Thankfully, it hasn’t felt like such a big move in terms of the work at True Colors Fund. I’ve been a part of the national advisory board for a few years and seen clearly that many of the philosophies and truths that have guided my own work are also built into the framework of the True Colors Fund’s mission. As I watched the organization grow, it’s been inspiring to see it move even closer to justice-oriented practices like centering the most marginalized, amplifying the voices of youth, and a truly intersectional understanding of the causes of homelessness. Then, I attended last year’s 40 to None Summit in Houston where I saw young people who’d had experiences with homelessness involved in every aspect of the Summit. That sealed the deal for me!

Chief Program Officer? What’s that all about? What sort of work will you be up to in your new position – and what are you most excited about?

There’s already so much good work happening here, so a big part of my role is to uphold and enhance the vision, keep us connected to why this work is important, and hone those justice-oriented practices already at the core of what we do. Especially important to me is that we always deeply consider intersectionality and the multilayered causes of LGBTQ youth homelessness.

My particular areas of focus are community organizing, youth collaboration, and public policy. Out of the gate, I’m most excited about our youth collaboration, which we describe as a separate program area, but is really at the heart of all of our program areas. Though we are not a direct service provider, I’m proud that we do directly engage young people affected by homelessness to work alongside us on these issues that impact their lives. Just as important is our commitment to non-exploitative practices, reciprocity, and always compensating our youth for what they bring to the table.

Though we are not a direct service provider, I’m proud that we do directly engage young people affected by homelessness to work alongside us on these issues that impact their lives.

I’ve always been an ideas person. Over the years, I’ve been sharpening strategies to be good at more than ideas – to focus on implementation and turning good ideas into successful projects. Here, so many excellent projects are thriving and I’m glad to see that there are solid foundations in place for growing new ones. More importantly, there’s a brilliant team here! While I’ve been doing direct service and program management within and alongside LGBTQ youth communities for several years now, I still have so much to learn. I am beyond thrilled to join up with this team of folks who are focused, mobilized, and have a wealth of expertise on these issues!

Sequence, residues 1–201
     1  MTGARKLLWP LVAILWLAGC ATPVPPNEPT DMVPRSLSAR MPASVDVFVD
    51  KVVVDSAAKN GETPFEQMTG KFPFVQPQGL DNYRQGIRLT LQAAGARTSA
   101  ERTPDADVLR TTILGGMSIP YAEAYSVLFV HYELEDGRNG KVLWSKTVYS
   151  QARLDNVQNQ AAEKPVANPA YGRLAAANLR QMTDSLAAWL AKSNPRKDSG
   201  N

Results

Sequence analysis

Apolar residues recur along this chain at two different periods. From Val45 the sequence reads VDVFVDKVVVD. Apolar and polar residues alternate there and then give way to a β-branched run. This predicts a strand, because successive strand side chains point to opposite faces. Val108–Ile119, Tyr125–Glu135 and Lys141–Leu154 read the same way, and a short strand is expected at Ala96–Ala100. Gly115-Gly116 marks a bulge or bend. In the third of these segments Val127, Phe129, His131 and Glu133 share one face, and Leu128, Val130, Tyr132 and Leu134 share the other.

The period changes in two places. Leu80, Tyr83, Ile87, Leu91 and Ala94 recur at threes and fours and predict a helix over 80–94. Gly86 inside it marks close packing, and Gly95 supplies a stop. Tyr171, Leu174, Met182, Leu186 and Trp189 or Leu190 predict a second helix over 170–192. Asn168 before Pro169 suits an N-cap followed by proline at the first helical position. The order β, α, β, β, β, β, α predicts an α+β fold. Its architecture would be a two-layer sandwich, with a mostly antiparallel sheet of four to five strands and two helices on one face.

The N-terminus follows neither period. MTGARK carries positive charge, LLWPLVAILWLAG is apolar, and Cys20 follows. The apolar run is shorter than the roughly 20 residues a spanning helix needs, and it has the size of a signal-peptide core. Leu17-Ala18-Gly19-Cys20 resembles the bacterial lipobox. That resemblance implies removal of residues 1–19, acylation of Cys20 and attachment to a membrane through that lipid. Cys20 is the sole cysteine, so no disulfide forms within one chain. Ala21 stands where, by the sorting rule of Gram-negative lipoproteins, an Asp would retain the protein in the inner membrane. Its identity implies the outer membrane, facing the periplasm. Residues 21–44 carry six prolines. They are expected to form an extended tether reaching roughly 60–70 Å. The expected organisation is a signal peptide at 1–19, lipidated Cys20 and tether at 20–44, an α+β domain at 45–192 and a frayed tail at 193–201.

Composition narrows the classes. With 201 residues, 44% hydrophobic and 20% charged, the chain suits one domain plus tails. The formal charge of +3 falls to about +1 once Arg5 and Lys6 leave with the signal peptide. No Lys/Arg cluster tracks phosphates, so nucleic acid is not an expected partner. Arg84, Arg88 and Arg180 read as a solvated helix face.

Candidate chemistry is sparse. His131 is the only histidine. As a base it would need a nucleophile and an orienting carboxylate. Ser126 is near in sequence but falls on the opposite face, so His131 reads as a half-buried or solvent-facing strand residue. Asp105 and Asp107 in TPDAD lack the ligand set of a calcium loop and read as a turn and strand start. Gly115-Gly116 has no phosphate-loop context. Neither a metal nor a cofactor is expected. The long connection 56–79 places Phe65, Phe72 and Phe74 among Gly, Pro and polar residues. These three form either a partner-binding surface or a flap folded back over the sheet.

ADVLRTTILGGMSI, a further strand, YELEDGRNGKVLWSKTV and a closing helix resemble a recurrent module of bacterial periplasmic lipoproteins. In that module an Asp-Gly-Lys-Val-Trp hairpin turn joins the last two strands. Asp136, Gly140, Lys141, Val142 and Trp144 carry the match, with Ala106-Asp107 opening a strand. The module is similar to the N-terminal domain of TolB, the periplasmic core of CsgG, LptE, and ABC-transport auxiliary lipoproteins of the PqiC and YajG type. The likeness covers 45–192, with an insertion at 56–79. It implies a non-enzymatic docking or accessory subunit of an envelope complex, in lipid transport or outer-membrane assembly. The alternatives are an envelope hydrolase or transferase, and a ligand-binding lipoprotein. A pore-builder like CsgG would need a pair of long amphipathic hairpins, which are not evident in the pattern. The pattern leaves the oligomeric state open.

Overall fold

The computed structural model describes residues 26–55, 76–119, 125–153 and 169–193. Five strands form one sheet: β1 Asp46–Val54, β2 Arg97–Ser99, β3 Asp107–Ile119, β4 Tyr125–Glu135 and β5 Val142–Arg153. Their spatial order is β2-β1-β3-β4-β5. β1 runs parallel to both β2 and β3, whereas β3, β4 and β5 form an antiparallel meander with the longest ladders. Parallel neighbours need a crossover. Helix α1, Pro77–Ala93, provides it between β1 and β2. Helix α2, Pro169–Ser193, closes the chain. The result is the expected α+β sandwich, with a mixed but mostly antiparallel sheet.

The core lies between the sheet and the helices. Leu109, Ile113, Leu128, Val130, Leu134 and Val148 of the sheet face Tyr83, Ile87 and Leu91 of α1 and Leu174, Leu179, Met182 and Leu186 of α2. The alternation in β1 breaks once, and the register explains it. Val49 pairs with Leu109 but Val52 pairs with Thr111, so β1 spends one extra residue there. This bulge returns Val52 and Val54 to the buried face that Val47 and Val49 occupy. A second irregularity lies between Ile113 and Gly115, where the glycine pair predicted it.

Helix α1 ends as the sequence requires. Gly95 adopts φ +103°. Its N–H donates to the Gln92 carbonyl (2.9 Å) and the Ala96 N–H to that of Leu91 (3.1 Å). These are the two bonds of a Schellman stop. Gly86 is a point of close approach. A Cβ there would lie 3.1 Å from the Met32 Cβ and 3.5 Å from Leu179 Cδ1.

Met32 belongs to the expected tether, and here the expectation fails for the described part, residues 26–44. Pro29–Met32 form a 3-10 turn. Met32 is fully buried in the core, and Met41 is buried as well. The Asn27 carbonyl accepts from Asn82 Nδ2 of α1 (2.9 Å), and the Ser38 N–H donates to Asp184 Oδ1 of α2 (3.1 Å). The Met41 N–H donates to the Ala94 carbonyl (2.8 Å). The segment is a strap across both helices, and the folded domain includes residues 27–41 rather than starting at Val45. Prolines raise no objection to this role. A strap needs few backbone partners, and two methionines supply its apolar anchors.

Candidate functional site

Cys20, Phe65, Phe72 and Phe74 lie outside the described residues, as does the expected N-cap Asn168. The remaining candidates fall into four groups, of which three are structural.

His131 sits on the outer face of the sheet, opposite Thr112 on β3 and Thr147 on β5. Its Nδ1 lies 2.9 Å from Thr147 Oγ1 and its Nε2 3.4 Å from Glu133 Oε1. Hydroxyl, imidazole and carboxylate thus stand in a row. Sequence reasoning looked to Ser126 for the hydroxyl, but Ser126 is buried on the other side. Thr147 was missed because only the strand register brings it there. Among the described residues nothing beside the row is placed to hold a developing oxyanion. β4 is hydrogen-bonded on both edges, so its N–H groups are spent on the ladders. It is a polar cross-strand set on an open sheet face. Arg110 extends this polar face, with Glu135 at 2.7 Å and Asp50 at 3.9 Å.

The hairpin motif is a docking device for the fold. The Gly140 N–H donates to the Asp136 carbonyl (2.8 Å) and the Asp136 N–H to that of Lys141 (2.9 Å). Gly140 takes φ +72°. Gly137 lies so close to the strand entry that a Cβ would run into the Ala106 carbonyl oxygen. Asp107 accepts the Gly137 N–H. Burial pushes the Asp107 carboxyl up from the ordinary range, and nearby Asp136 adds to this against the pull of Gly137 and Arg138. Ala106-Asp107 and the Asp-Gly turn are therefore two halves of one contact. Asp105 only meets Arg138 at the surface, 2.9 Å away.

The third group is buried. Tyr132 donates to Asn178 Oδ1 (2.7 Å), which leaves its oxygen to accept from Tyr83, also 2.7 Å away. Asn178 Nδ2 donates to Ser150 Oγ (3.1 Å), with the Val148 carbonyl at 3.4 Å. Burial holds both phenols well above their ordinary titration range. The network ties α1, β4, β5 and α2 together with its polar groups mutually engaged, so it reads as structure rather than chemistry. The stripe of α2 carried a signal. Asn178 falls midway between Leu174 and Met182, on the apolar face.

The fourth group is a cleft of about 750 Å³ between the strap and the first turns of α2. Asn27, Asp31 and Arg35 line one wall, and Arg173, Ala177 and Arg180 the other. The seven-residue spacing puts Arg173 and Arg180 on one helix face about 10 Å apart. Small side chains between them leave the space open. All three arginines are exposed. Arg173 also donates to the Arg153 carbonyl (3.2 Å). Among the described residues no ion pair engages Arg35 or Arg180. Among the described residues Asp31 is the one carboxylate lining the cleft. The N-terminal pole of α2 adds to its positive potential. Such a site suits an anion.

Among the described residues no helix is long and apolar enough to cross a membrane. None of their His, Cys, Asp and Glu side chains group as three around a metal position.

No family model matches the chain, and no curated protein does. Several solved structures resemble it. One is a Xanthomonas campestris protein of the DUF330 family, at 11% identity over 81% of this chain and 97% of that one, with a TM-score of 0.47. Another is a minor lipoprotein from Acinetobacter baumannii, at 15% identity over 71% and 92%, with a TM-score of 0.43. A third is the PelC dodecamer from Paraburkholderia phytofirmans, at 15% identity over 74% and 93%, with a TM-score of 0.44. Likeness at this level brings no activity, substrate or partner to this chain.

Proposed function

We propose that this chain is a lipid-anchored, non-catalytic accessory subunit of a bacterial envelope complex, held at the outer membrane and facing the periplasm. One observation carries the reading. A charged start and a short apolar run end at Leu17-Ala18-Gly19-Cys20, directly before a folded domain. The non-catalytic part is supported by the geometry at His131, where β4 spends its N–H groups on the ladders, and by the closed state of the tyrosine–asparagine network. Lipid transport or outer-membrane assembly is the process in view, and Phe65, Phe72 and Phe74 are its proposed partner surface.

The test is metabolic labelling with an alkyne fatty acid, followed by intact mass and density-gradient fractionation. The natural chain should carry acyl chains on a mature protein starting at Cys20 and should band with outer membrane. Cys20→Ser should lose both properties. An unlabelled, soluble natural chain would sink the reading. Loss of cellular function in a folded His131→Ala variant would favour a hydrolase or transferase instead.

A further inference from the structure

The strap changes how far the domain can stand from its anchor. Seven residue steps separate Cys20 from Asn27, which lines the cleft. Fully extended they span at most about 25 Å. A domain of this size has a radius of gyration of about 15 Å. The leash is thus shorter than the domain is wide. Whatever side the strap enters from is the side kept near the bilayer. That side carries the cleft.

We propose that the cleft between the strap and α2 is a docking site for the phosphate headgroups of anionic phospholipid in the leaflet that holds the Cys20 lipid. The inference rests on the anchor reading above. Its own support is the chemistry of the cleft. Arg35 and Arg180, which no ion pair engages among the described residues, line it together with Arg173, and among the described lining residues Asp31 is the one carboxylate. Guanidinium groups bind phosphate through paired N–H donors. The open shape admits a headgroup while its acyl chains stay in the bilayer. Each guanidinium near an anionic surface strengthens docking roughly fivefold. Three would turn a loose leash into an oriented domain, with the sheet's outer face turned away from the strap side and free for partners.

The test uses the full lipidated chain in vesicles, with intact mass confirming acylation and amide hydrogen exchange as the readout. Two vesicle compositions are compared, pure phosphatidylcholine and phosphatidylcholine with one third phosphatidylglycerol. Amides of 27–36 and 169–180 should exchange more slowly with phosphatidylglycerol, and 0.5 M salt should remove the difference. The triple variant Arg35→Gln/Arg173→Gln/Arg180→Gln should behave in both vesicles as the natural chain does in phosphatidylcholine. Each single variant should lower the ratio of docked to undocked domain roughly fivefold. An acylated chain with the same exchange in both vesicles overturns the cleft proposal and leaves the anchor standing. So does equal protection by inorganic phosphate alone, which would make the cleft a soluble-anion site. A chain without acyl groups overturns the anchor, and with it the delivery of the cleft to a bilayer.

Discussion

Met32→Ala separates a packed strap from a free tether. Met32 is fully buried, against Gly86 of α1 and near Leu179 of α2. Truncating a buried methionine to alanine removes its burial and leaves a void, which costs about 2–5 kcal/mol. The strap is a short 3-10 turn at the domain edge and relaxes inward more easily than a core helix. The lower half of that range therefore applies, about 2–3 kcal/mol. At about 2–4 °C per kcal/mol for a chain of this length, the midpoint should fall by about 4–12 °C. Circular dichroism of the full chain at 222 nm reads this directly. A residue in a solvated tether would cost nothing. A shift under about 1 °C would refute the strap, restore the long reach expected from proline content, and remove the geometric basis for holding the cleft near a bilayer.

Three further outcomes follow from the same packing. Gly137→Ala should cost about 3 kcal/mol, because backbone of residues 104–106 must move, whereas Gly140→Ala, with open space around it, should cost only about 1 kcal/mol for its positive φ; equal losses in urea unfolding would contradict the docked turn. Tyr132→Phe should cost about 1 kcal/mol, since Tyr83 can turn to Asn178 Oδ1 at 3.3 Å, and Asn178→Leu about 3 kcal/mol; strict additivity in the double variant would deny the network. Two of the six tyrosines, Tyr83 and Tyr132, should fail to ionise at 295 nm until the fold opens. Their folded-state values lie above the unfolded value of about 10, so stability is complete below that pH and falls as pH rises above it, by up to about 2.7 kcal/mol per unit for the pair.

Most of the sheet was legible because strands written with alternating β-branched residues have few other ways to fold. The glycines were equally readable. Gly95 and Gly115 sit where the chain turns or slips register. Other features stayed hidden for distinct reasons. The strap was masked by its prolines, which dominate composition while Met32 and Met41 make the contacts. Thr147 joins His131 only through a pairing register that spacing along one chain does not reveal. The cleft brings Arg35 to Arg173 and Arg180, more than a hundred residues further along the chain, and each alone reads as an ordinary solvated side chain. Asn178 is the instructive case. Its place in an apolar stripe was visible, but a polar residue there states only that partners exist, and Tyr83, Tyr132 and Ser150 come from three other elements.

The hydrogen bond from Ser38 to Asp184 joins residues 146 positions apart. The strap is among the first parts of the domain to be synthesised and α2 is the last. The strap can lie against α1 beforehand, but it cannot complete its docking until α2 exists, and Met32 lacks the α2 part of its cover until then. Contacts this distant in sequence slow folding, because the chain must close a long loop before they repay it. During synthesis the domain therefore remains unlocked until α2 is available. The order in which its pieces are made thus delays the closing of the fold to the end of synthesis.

What do you geek out about?

Poetry is my thing! Writing is a medicinal practice for me. I’ve been writing poems for awhile and have published a few in recent years. I love to immerse myself in writing by other poets and dwell in their words. My all time favorite poet is Lucille Clifton, though there are about a dozen genius poets also on my list of favorites.

I appreciate most genres of music, but I geek out about blues music, Old School soul, and RnB from the 80s and 90s.

It turns out that I also really love geography… not so much the social aspects of geography with borders and populations and such, but the natural attributes of the landscape. For instance, my favorite part of my road trip from Tucson to New York was watching the topography change as I drove across the country. I drifted out of the mountains of the Sonoran desert up through New Mexico, where the mountains morph into mesas, then across the Southern Plains and all kinds of valleys and countless bodies of water. I noticed so many shades of green and shifts in temperature and humidity along the way. It was stunning!

Got questions for Ian about his new position? Or just wanna geek out over geography? Join us in welcoming Ian on Twitter!